We were in London last weekend: the entire Eardley clan. Two of my sons live there already, so my youngest who lives in Edinburgh, along with myself and my wife made the pilgrimage south on Thursday. This time, our dog Daisy joined us on our travels. She is usually farmed out to willing friends or extended family when we are away, however, on this trip you could say she was the guest of honour.
My eldest son, Nicholas, was unable to join the rest of us over Christmas due to his having moved house and his partner, Lesley, having to work over the Christmas period. So this was an early year catch-up in lieu of our lost mid-winter holiday. It was natural, therefore, that Daisy would feature in the cast.
The excitement of the Eardley ensemble hitting the city was intensified in that we were going to visit Nicholas and Lesley's new house. Not just visit but to stay there over our time in London. No big deal I expect you might be saying. I think you are probably forgetting the unpredictable element in the story: Daisy. She is getting on a bit now and is pretty fixed in her ways. It does not help that she is a bit of a princess crossed with a diva and is stubborn as a mule when she does not want to comply with the thing that you really want her to do. Someone recently asked me: where does Daisy sleep? My response: wherever she wants to! With that thought at the forefront of our minds, we began the journey south.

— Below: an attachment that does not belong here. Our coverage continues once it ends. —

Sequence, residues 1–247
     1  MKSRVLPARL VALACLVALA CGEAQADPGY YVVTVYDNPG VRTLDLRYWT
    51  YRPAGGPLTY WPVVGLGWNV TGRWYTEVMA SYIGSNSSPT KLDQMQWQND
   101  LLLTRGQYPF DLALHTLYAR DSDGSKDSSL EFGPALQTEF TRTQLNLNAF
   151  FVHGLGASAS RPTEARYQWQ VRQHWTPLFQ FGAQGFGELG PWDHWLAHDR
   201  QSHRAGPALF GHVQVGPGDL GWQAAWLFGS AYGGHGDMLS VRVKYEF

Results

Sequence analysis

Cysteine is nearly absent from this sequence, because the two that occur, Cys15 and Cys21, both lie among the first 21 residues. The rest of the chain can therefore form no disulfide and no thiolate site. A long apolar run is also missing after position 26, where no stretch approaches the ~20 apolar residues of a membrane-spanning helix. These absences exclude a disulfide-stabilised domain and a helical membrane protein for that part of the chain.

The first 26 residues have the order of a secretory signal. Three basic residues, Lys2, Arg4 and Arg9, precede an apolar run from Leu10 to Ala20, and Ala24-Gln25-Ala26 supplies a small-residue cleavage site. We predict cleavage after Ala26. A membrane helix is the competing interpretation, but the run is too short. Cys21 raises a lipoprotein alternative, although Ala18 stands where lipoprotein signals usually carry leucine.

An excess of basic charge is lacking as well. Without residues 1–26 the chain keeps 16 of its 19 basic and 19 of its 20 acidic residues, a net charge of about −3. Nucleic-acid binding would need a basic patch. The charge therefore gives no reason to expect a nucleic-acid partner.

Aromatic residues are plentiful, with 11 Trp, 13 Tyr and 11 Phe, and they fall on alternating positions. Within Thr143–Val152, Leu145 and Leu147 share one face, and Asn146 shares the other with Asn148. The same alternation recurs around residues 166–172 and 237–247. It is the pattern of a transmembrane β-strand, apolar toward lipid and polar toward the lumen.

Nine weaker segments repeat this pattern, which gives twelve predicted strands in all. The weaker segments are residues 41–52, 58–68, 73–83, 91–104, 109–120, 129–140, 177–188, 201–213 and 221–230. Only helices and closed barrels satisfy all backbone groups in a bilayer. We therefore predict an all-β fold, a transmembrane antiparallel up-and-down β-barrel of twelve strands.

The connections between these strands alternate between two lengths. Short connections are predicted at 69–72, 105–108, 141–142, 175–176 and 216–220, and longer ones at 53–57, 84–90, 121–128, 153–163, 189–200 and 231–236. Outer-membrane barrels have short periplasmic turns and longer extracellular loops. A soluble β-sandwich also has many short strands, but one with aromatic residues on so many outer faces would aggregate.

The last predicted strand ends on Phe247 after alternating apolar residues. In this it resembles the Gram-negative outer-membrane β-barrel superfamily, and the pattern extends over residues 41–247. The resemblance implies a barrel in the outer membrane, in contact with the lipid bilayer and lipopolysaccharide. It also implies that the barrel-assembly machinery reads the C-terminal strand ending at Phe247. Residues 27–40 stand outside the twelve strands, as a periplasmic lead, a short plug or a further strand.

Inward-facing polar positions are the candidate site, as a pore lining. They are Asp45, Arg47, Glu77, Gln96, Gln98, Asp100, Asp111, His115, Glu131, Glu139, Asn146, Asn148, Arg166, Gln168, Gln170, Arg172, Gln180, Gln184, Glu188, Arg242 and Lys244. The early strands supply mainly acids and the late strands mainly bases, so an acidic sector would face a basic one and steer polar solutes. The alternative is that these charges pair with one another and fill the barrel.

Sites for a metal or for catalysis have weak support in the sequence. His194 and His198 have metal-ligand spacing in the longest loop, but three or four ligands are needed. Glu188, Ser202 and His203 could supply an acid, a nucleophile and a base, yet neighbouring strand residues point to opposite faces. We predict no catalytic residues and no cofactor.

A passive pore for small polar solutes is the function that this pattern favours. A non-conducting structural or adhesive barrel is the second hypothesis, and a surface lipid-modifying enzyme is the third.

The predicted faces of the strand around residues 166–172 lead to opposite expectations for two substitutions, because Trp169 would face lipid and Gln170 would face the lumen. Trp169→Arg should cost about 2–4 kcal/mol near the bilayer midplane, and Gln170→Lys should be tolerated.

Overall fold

Luckily, Daisy loves a train journey. We now know the location of the lifts at Kings Cross, so can avoid the perilous journey down the escalator, carrying Daisy along with suitcases. We eventually made it to East London with only a couple of minor hiccups along the way. The big test was going to be the sleeping arrangements because at home Daisy is apt to request a visit to the garden at least twice a night, by way of scratching at the back door. Our trepidation was around how that would go down in the new house – the back garden was the playground for a family of urban foxes. It looked as if it might be a challenging few days.
I think Daisy is a wee chancer, for contrary to all expectations, her behaviour in this quarter was excellent as she lay on the bed with us, hardly moving at all in the night, except maybe just to do a round to ensure everyone was safe and well, before returning back to join us. I wonder if she also sensed that the fox family were out in force and decided to give her nocturnal meanderings a body swerve.
All in all, she had a great time and Daisy made many new friends, both canine and human. She made an effort to pal up with some felines too but it's never reciprocated. Highlights of her visit were chasing a squirrel up a tree in the garden and getting carried on the escalator by Nicholas on the way back to Kings Cross. Turns out she does like it, just not when someone is also carrying bags and cases. Sitting on Becca's (my son Dominic's girlfriend) lap in the pub and feeling so relaxed and comfortable, she fell asleep. She also attempted to hoover up all the dropped and discarded morsels of food to be found in the street around Spitalfields Market.
We humans had an enjoyable time too.
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